World Cup of Books: July 14

This summer, the Loyola Libraries are excited to bring you the World Cup of Books, an interactive program to encourage reading books from other countries. Show your support for your favorite team by reading books from and about their country!

Today’s third place play-off is Belgium v England.

Running away by Jean-Philippe Toussaint, translated by Matthew B Smith

Set in China and the Mediterranean, this off-kilter novel from Toussaint (Camera ) explores the incommunicable experiences that alienate lovers. An unnamed narrator leaves France to spend a few weeks in China, where his lover, Marie, has real estate investments of a possibly illicit nature. Arriving in Shanghai, he is greeted by a business associate of Marie who later takes him to an art gallery, where he meets Li Qi, a Chinese woman with whom he establishes an immediate erotic relationship. She invites him on a trip to Beijing, and their attempt at sex—in the train bathroom—is interrupted by a call on his cellphone from Marie; her father has suddenly died. Bewildering experiences—including a high-speed motorcycle escape—follow, concluding in Elba, where Marie’s father’s funeral is being held. The juxtaposition of locales creates an intriguing dissonance, with Toussaint structuring his unconventional plot around climactic moments. His obsessive description, while sometimes beautiful, grows tiresome, and he occasionally lapses into purple prose. But with all its flaws, this remains a thought-provoking attempt and deserves attention from readers interested in experimental fiction.—Publishers Weekly

Request it here, or find it in the Cudahy Main Stacks!

The Queen of Bloody Everything by Joanna Nadin

Dido Sylvia Jones is six years and twenty-seven days old when she moves from London squat to suburban Essex and promptly falls in love with Tom Trevelyan, the boy next door. It’s not just Tom that Dido falls for, though: it’s also his precocious sister, Harry, and their fastidious, controlling mother, Angela. Because Angela is everything that Edie—Dido’s own mother—is not. And the Trevelyans are exactly the kind of family Dido dreams of: Normal.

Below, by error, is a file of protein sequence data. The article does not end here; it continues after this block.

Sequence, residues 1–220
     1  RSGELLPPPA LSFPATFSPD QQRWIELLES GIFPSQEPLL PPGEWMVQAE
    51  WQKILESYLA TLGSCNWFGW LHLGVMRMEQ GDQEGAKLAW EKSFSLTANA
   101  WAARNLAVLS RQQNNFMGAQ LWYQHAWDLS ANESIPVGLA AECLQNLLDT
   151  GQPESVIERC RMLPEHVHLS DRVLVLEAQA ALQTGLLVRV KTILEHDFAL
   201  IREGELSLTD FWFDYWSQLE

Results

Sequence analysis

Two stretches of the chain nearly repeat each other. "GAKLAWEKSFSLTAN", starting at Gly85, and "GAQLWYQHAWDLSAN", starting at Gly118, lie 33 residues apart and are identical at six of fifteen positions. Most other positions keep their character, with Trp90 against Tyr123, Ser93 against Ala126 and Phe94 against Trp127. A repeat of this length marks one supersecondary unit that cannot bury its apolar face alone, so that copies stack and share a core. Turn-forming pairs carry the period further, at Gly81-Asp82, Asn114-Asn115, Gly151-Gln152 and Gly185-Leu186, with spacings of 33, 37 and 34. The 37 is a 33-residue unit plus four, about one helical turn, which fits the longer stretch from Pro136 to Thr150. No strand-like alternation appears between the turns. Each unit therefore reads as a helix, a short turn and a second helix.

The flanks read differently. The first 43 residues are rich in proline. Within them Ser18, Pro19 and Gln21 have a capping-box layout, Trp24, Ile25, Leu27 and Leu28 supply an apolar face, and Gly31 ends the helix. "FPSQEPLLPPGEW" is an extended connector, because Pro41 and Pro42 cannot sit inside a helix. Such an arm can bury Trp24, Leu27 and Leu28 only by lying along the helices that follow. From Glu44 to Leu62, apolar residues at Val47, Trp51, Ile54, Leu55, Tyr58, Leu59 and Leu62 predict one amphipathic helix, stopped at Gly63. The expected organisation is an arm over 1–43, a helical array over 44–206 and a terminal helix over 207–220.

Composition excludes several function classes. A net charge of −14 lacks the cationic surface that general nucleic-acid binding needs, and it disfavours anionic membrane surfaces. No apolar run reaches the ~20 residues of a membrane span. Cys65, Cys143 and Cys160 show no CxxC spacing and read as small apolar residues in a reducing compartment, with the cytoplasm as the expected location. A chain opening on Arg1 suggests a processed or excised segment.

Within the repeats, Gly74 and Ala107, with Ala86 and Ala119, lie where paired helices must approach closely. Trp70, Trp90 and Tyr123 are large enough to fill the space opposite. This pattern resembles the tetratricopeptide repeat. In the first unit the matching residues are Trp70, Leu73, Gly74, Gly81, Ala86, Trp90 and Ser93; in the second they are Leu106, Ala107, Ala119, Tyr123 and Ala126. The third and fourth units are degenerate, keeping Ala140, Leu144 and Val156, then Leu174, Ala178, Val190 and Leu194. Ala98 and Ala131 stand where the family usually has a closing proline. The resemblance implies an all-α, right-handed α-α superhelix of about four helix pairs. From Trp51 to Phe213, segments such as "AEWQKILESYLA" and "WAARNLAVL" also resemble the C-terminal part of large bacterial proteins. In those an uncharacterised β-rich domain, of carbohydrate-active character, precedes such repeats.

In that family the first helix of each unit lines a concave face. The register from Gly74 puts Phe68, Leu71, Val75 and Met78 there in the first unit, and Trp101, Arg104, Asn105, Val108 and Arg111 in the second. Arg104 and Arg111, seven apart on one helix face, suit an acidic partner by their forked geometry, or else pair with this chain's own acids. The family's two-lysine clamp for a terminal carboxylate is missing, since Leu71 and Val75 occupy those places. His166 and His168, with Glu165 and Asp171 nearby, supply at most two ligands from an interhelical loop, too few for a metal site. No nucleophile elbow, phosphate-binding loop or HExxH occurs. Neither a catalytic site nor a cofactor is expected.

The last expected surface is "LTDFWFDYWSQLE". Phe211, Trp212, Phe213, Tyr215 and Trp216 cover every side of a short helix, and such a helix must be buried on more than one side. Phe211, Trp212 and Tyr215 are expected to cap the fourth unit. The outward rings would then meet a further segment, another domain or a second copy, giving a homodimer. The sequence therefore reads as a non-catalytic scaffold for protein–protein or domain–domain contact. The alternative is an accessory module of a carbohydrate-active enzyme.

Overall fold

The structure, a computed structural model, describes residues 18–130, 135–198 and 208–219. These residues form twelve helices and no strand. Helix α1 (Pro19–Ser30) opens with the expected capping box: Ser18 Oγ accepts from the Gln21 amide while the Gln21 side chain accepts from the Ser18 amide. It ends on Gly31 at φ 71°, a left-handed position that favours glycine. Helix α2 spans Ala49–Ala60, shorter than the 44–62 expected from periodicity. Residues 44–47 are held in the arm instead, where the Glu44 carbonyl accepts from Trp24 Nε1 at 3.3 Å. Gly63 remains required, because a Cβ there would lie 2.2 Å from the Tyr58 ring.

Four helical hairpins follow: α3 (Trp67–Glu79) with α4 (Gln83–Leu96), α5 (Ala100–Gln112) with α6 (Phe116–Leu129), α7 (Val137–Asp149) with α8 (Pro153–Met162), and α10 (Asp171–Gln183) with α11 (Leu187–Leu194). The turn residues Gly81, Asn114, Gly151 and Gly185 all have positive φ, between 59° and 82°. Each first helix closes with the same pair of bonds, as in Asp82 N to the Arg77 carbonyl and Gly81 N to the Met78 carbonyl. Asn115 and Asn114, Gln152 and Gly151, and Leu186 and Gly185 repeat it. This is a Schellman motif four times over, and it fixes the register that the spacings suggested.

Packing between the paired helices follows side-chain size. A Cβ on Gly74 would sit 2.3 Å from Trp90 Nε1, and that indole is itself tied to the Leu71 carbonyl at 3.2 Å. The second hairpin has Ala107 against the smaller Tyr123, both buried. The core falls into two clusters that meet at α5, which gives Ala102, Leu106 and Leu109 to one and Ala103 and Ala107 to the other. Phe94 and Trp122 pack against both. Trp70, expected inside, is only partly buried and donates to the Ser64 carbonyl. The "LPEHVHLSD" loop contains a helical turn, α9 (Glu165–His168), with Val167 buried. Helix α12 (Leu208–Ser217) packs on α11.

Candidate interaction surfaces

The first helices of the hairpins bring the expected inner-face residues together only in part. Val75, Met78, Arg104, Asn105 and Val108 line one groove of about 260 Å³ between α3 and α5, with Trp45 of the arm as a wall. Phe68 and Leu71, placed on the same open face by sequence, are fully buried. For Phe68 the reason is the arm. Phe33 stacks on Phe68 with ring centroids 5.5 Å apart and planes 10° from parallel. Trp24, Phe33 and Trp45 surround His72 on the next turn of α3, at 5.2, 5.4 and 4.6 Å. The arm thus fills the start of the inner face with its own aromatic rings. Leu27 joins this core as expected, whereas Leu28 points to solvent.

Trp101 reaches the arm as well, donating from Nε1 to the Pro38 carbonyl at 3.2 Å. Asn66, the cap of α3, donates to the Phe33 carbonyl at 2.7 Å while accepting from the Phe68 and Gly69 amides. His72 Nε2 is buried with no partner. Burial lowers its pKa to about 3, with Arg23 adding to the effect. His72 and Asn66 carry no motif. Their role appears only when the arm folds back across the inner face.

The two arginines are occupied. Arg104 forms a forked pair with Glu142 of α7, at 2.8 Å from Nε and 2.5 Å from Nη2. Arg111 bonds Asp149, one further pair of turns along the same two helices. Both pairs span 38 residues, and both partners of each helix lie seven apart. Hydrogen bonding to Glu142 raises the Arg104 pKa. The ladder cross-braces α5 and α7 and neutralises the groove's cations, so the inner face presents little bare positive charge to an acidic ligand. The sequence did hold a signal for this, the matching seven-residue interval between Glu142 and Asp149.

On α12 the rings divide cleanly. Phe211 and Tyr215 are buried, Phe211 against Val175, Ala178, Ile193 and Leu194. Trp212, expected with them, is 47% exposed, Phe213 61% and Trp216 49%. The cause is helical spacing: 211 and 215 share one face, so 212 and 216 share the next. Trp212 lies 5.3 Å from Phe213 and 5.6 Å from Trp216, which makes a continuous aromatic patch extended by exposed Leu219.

Dido wants to be normal more than anything else in the world. But it’s the very thing that Edie can never be, as Dido—and the Trevelyans, including Dido’s beloved Tom—will eventually learn the hard way.

Like the very best families, Joanna Nadin’s The Queen of Bloody Everything is funny, warm, tender and heartbreaking in equal measure. Part love story, it’s ultimately about mothers and daughters: about realizing, however long it takes, that family might be what you make it, but you can’t change where you come from.—Good Reads

Request it here, or grab it from the Cudahy Main Stacks!

Have you read any of these books, or a book from another country participating in the 2018 World Cup? Add a review of a book from a participating nation to our bracket here! You can also fill out our quick form here, and we’ll add your review to the bracket board. Your review may appear in a future blog post!

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